Stoked on basically anything she’s ever done, we caught up with female surf film maker Hayley Gordon to have her inspire us even more with her life story…
Interview by Anna Langer
I don’t quite remember the very first time I held a camera, but I do remember when I first started playing around with one. It was my friend’s dad’s camcorder, and they lived across the street. We would make short TV shows and movies. I think we were around 8 or 9 years old, and the movies often starred my dog. You know, having her save the world from evil, or saving people dangling from cliffs. I quickly got very interested in it, but I didn’t actually get a video camera of my own until high school.
My professional career kind of evolved naturally. I set out to make a short surf video with JettyGirl and I realized that there was a big audience that was really into what I was doing. Plus the surfers I met were eager to film, so that really helped.
I don’t really think there’s much of difference when it comes to actually filming someone surfing or skating. The only difference more or less lies in the fact that I’m friends with the girls and I can pretty much just hang out. That way I can get more natural candid shots – and so many people have told me they love seeing those shots of everyone just having fun and being themselves.
I don’t really have one particular favorite to film – I’d say my favorite surfer to film is anyone who actually wants to go out there and get shots, and won’t give up after 20 minutes. I really want to work with Steph Gilmore at some point. I think her style is amazing.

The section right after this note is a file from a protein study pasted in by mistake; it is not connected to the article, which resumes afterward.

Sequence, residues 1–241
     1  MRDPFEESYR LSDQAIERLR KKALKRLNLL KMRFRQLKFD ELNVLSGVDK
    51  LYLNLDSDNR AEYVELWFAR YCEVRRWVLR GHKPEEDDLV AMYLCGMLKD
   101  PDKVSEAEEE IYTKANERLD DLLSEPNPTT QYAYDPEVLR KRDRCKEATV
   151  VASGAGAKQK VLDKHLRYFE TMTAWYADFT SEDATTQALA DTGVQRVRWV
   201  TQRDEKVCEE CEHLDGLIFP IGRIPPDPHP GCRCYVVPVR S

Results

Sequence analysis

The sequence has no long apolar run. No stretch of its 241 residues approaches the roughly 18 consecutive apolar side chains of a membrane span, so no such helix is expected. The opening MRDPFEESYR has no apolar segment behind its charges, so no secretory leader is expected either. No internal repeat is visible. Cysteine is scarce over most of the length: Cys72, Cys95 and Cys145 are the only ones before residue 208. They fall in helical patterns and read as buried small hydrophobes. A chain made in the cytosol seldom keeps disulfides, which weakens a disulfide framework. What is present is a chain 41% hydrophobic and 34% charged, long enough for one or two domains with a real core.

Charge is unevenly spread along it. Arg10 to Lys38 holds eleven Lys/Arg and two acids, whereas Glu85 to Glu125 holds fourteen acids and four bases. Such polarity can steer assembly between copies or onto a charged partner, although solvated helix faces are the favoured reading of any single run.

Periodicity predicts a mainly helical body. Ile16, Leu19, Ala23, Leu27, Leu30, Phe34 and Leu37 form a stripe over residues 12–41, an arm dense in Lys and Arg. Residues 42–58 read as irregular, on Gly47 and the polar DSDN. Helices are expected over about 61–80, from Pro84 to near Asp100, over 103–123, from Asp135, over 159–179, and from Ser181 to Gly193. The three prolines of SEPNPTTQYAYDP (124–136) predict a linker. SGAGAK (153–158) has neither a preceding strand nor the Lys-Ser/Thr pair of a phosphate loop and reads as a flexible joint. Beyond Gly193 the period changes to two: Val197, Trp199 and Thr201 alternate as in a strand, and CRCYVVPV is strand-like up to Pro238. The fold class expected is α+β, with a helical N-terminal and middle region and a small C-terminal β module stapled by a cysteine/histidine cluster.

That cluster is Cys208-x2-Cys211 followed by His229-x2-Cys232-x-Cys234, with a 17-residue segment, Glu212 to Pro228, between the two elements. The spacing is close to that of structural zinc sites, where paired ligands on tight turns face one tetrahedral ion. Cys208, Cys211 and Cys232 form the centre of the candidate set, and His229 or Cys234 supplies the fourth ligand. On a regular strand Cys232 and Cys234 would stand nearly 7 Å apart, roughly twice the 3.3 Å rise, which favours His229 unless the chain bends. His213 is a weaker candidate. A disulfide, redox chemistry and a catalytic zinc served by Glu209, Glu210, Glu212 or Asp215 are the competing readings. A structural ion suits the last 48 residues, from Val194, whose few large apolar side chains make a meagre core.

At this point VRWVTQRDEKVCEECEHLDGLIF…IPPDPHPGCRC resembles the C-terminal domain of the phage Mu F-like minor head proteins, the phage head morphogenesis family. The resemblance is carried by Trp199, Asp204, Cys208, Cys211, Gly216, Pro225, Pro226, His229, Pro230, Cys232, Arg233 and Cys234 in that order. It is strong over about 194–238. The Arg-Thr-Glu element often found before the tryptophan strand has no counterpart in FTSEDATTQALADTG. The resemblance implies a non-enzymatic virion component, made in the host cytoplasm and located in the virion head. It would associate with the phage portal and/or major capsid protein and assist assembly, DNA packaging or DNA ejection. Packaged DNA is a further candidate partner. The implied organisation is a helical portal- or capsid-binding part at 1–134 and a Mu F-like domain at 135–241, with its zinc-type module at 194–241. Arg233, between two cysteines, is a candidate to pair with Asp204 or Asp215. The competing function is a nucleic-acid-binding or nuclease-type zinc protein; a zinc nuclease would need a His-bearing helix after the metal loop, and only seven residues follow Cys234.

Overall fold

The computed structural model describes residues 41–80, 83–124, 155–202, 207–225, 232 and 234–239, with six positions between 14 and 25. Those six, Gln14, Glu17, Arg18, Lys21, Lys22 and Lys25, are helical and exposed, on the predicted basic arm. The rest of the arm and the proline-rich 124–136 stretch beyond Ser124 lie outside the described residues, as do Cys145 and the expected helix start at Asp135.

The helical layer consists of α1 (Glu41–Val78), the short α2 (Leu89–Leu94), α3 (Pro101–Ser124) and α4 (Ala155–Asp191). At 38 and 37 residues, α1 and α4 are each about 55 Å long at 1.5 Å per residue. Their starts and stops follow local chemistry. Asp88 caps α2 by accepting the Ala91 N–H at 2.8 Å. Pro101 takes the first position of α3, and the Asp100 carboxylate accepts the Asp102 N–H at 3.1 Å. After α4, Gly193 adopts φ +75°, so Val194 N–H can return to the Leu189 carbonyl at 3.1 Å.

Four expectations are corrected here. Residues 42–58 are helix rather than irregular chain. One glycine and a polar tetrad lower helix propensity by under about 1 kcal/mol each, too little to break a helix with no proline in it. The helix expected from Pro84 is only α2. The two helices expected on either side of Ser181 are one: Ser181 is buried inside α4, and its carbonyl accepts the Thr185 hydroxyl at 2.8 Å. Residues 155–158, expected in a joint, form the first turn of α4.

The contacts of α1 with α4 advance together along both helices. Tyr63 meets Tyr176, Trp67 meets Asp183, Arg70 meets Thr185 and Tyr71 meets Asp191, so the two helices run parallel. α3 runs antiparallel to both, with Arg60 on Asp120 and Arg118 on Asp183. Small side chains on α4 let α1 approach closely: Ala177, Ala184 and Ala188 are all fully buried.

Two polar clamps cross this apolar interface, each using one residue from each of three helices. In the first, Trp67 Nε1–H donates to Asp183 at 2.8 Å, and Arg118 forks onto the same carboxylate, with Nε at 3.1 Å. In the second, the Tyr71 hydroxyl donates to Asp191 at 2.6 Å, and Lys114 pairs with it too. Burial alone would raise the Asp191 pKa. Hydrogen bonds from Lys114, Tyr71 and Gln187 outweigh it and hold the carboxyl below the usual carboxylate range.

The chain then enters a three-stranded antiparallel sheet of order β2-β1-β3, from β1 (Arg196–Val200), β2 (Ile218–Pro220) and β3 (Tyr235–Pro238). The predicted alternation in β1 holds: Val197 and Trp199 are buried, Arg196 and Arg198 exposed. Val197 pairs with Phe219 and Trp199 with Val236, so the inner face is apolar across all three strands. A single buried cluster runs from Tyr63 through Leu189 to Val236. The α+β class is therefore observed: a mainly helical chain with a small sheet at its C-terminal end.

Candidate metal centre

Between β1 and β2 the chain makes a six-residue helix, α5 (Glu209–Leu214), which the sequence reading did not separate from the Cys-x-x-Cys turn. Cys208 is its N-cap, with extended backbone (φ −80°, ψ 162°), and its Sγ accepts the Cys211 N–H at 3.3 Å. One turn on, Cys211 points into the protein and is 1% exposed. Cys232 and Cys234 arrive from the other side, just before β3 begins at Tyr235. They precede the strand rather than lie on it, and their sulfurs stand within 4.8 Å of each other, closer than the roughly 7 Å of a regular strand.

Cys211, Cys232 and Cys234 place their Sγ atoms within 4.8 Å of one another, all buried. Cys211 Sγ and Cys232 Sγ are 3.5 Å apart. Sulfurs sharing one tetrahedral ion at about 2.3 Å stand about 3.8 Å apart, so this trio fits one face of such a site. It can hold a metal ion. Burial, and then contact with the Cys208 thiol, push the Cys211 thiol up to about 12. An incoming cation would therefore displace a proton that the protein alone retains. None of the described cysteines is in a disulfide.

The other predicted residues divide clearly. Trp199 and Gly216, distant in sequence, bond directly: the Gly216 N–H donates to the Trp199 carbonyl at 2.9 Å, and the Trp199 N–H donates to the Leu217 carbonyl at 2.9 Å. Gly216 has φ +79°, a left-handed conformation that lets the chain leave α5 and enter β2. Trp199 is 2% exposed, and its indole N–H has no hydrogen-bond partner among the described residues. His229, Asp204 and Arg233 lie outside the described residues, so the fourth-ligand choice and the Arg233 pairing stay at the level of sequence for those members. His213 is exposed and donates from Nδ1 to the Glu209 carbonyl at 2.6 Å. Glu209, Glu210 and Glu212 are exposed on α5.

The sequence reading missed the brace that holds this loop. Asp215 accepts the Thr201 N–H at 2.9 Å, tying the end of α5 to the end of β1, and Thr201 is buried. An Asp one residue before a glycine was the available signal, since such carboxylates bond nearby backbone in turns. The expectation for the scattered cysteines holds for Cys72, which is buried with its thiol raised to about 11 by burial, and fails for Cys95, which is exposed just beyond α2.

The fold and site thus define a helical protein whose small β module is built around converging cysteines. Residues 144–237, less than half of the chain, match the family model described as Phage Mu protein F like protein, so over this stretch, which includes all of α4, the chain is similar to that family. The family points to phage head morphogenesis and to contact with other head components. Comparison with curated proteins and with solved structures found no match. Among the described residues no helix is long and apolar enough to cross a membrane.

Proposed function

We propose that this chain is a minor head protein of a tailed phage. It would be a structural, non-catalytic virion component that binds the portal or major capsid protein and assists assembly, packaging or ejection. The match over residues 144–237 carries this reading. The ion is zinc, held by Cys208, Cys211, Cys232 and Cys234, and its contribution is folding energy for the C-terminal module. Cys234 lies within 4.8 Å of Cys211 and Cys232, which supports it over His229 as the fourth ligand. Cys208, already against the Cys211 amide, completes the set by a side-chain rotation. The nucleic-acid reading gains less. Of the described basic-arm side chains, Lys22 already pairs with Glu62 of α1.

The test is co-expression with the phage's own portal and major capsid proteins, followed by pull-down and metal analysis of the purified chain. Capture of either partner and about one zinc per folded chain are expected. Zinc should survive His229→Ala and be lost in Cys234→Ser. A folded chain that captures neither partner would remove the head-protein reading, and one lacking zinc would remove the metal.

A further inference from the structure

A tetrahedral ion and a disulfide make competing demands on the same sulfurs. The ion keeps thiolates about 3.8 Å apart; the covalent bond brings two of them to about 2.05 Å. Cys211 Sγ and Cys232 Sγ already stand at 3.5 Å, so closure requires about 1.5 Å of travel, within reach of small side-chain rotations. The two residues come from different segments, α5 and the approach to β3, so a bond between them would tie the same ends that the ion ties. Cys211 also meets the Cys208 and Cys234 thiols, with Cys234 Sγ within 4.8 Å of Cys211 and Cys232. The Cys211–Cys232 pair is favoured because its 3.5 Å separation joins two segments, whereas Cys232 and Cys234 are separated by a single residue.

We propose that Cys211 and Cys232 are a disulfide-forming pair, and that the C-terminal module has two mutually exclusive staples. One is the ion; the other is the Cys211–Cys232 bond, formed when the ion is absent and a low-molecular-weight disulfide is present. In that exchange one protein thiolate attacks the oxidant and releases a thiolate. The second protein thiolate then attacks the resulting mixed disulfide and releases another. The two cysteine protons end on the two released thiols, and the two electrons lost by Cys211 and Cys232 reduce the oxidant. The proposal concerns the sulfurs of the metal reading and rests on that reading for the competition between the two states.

I’d say my favorite surfer to film is anyone who actually wants to go out there and get shots, and won’t give up after 20 minutes.
I don’t see too many obstacles in becoming a film maker; or at least I try not to focus on them. I think one might be fighting to get coverage or exposure for my work, but I actually haven’t had too much of a problem. If anything I’m finding that people want to see more footage of women out shredding. Perhaps another problem is getting funding for bigger projects.
I think that the best tip with whatever you’re doing is to just be yourself and don’t force it. The moment you try to make something to please “everyone” or even a certain audience you’re going to lose your personal style. I try very hard to remind myself of this because it can be really easy to fall into changing your style, even in small ways, to please a wider crowd. I think style should definitely evolve, but only in ways that are meaningful for you – not simply to please your audience. Once I’m doing something for someone else and not myself, it loses all the fun.
I sometimes experience machoism in the water when I’m surfing. It’s strange how people can be so aggressive in the water. Guys that will drop in on you or snake you because they don’t think you can surf or catch a wave. The usual story. But I just try to ignore it, and think about how to outposition them for the next wave. The guys do it to each other too, so I try to stay relaxed. I think once the guys see you catch a wave or two they give you some respect.
It’s strange how people can be so aggressive in the water. But the guys do it to each other too, so I try to stay relaxed.
If I had all the resources in the world, I’d definitely get a hold of some RED cameras as well as some film cameras, and go travel as much as I could. The one thing I haven’t been able to do yet is travel as much as I want to. I’d definitely go on some boat trips as well as a few interesting locations that are on my list as far as unlikely surf spots.